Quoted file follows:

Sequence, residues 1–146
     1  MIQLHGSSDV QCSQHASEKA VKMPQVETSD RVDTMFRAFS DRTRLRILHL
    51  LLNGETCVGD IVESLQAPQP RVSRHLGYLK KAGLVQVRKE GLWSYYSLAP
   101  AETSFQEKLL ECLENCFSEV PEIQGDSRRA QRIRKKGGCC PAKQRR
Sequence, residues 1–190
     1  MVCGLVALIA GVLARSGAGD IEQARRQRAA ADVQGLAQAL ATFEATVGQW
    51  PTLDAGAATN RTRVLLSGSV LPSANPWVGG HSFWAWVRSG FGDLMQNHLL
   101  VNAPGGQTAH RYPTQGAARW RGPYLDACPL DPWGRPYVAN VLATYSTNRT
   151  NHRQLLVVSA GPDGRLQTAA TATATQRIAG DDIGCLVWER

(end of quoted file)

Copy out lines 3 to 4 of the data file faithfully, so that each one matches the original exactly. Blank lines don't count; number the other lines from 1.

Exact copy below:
    51  LLNGETCVGD IVESLQAPQP RVSRHLGYLK KAGLVQVRKE GLWSYYSLAP
   101  AETSFQEKLL ECLENCFSEV PEIQGDSRRA QRIRKKGGCC PAKQRR